It is important to assess the generality of our findings in other random networks. We first notice that we have considered a dipole–dipole coupling in Hamiltonian (2). One can wonder if similar results would hold if we consider instead systems with spring-like coupling Hamiltonian $$\hat {\cal H}$$ = $${\textstyle{1 \over 2}}\mathop {\sum}\nolimits_{i = 1}^N \left( {\hat p_i^2 + \omega _0^2\hat q_i^2} \right)$$ + $$\mathop {\sum}\nolimits_{i = 1}^N \mathop {\sum}\nolimits_{j = 1}^N {\kern 1pt} \lambda _{ij}\left( {\hat q_i - \hat q_j} \right)^2$$, where all the oscillators have the same frequency, and the coupling λij can take the values λ or zero. It can be shown (Supplementary Information) that in this case there are always N − 1 NSs whatever is the underlying topology. We can also consider a tight-binding model, and in this case, our results would still hold in the case of networks with homogeneous parameters (Supplementary Information). Finally, in presence of a single excitation, our analysis would also apply to spin or fermionic networks while the case of more excitations is an open question.

An essential aspect of the model used is the equal coupling of the nodes to the common bath, relevant in the contexts of densely packed pigment-protein complexes,85,86,87 and superradiance experiments.40,41,42,43 In particular, in the context of quantum transport through biological structures, experimental evidence for strong spatial correlations in bacterial reaction center dynamics85 and conjugated polymers86 has been obtained, and correlated noise has also been predicted to be relevant in other photosynthetic complexes.87 These structures are rather large and complex in their topology, presenting also non-homogeneous site energies and couplings. It is to be noted that excitation transfer in biological complexes might be governed by a dephasing model that can present decoherence-free (instead of dissipation-free) clusters.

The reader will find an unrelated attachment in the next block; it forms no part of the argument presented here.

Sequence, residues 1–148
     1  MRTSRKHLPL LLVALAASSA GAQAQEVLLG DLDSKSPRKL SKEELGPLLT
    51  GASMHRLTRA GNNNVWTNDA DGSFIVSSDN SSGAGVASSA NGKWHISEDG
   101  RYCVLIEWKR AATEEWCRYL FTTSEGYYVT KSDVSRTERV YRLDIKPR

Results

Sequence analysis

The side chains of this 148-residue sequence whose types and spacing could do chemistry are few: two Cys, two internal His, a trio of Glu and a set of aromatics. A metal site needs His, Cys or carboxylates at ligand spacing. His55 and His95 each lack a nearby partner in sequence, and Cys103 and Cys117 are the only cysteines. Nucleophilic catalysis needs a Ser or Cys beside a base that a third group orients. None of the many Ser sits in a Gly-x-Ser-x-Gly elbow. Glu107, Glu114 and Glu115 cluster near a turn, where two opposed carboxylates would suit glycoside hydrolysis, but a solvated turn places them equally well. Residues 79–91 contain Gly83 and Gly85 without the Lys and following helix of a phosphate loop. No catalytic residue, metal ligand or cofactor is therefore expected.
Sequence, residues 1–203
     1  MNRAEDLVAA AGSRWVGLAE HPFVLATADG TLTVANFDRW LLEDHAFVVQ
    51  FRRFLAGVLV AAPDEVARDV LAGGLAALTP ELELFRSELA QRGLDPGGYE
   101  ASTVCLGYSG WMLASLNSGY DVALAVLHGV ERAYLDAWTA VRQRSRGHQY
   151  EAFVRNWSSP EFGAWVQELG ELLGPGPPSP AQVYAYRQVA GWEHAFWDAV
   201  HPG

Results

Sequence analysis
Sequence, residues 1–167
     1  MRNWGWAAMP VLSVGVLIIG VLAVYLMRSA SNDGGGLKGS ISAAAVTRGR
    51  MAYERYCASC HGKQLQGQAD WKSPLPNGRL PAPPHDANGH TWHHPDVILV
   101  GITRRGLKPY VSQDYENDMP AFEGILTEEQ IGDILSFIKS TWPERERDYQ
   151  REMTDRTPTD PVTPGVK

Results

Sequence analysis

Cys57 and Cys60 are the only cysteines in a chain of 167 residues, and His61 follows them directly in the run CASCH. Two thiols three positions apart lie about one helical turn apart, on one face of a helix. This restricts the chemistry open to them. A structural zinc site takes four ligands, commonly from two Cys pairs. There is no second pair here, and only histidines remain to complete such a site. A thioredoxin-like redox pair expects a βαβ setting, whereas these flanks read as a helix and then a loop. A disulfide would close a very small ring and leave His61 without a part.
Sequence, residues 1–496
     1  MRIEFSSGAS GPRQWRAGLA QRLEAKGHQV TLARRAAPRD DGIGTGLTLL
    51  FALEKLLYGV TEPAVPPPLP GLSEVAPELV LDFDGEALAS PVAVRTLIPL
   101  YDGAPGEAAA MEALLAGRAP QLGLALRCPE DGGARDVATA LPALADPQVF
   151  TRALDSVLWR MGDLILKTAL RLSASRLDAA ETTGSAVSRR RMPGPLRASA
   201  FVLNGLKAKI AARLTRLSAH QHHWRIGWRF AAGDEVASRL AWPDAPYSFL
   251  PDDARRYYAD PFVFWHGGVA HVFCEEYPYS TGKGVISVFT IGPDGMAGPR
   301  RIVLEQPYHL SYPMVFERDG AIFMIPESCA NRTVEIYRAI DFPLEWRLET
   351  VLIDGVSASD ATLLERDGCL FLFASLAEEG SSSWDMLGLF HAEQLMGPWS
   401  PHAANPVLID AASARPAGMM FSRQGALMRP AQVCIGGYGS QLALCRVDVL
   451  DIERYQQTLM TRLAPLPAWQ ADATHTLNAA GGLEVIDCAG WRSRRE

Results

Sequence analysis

Further possible extensions of this work could establish the effects of relaxing the constant coupling to the bath through the network: in this case another noisy channel—instead of the center of mass—arises and new features are expected. The bath can also be considered as an extended system,59,60 hence the nodes of the network system will interact with different parts of the environment. This structured environment would give rise to a rich scenario of correlated dissipations for the network. Other forms of collective dissipation can be further explored to model bulk systems dissipating mainly through their surface.88 Finally, our analysis of NSs in networks is valid also in the non-Markovian dissipation regime, as it relies on a symmetry of the full system-environment Hamiltonian, while non-Markovian effects due to strong coupling with the environment could be explored in the context of quasi-noiseless modes and transient synchronization.

The possibility to shield complex networks nodes by decoherence, not only in symmetric lattices, but in complex networks, opens the way to studies of storage or transport of quantum states, excitations or entanglement in structures with increasing complexity. The impact of different topologies can be explored in the mentioned contexts of quantum computation,37,49,50,51,52,53 metrology,55 communications,13 and thermodynamics,56,57,58 and explored for other forms of correlated dissipation. It could also help understanding why nature has chosen some network structures as ultra-optimized transport architectures for energy harvesting,89 and to identify strategies for quantum computing based on NSs. These predictions can be tested in different timely platforms, both photonic30 and in circuit QED.16